A comparison between the energy barrier of the wildtype and a minimal viable NPC for a cargo with D = 10 nm is made in Fig 3. The minimal viable NPC corresponds to an NPC that has the least amount of FG-nups according to Strawn et al. [8], yet is viable. In the minimal viable NPC Nup42, Nup159, Nup1, Nup60, Nup100, Nsp1 and Nup145 are removed (see [37]). The results indicate that the minimal viable NPC is also able to screen large non-specific cargoes from entering the pore. However, the energy barrier has decreased by 22% in the minimal NPC compared to the wildtype NPC, which is probably due to the removal of half of the mass of the FG-Nups in the minimal viable NPC.

In order to gain more understanding on the energy barrier of the NPC, the density distribution of the FG-Nups is studied in the presence of a cargo with diameter of D = 10 nm at different vertical distances from the central plane of the NPC (see Fig 4). The two-dimensional density plots are obtained by averaging the density distribution of the FG-Nups in the circumferential direction for the umbrella simulations [37]. The results show that once the cargo approaches the center of the NPC, it has to push the high density FG-Nup region aside in order to pass through the pore. This will result in a high energetic penalty for the cargo to pass through the central region of pore, resulting in a total energy barrier of 10.5 kJ/mole (Fig 2).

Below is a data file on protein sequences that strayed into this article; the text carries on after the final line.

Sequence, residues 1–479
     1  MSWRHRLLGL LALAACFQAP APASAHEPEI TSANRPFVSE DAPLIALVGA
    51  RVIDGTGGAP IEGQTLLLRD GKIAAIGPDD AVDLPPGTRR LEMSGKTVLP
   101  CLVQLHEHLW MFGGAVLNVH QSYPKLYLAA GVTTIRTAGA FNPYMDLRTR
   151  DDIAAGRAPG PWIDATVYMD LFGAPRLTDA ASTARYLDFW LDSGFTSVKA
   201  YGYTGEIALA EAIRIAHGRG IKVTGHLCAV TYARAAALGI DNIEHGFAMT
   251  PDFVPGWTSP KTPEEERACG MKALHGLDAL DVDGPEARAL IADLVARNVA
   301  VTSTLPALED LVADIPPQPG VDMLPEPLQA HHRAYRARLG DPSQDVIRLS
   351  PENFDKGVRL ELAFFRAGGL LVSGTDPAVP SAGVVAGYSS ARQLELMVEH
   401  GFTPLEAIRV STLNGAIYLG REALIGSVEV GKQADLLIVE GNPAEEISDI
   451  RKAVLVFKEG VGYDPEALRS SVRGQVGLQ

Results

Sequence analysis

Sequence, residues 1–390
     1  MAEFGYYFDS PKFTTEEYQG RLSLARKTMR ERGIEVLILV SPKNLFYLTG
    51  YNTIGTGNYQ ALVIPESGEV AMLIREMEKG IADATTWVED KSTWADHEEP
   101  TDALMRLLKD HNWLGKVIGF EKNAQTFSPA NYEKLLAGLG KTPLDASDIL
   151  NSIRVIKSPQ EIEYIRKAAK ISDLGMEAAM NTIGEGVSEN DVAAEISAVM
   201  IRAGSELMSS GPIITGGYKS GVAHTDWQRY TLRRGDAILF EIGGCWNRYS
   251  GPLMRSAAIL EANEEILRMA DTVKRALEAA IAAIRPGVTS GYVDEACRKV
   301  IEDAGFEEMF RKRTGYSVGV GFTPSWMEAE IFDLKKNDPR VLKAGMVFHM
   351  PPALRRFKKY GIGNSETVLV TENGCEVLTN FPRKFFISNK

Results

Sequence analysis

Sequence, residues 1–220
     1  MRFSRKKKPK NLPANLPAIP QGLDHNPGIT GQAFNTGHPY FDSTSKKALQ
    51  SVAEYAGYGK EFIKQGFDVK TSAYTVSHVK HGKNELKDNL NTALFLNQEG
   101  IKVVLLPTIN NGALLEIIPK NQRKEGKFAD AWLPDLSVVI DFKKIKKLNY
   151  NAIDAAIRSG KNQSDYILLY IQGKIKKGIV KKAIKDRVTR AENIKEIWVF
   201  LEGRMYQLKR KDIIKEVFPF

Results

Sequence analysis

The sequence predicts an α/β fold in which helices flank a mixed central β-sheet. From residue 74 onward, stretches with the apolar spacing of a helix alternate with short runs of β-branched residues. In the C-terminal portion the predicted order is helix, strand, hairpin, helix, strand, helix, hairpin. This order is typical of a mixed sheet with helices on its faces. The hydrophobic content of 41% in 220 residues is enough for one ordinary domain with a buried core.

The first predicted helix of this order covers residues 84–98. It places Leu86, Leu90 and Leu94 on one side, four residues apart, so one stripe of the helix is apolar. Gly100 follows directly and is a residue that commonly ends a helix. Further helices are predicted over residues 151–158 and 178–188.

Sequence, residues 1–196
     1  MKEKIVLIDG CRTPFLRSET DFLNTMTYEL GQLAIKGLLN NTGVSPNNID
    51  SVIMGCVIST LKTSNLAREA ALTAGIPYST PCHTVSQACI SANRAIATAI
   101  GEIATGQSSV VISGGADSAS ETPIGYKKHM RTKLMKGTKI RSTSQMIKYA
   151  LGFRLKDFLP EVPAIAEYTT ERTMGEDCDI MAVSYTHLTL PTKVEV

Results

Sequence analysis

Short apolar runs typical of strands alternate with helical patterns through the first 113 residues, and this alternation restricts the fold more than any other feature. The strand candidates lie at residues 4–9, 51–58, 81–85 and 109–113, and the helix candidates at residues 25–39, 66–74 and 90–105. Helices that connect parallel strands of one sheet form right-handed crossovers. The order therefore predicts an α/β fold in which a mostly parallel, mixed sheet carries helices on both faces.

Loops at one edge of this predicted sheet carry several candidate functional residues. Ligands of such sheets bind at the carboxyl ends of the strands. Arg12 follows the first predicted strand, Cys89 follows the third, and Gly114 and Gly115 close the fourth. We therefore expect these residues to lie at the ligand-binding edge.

Fig 4. The 2D density plots of the FG-Nups taken from the umbrella simulations.

The vertical distance from the center of the cargo to the central plane of the NPC is (A) 30 nm, (B) 15.6 nm, (C) 8.3 and (D) 1.1 nm, respectively.

Possible pathways

The calculated PMF curves in Fig 2 are obtained along the central axis of the pore (r = 0). In order to check whether the lowest energy route for passive transport passes through the center, radial PMF curves have been calculated. This is done by comparing radial free energy profiles for a cargo with D = 10 nm at the maximum point of the axial PMF curve (i.e., z = −2.5 nm, see Fig 2). The radial energy profiles are obtained in four different directions, θ = 0°, 90°, 180° and 270° (see Figs 1 and 5).

Fig 5. The potential of mean force along the radial direction of the NPC (at z = −2.5 nm) for a cargo with D = 10 nm.

The difference between the PMF curves can be rationalized by the non-uniform distribution of the FG-Nups in the pore (see [37]). For all orientations the lowest energy pathway for an inert cargo with D = 10 nm passes through the center of the pore. This is consistent with single molecule tracking experiments which suggest that passively transporting particles pass through the center [15].

Lowering the barrier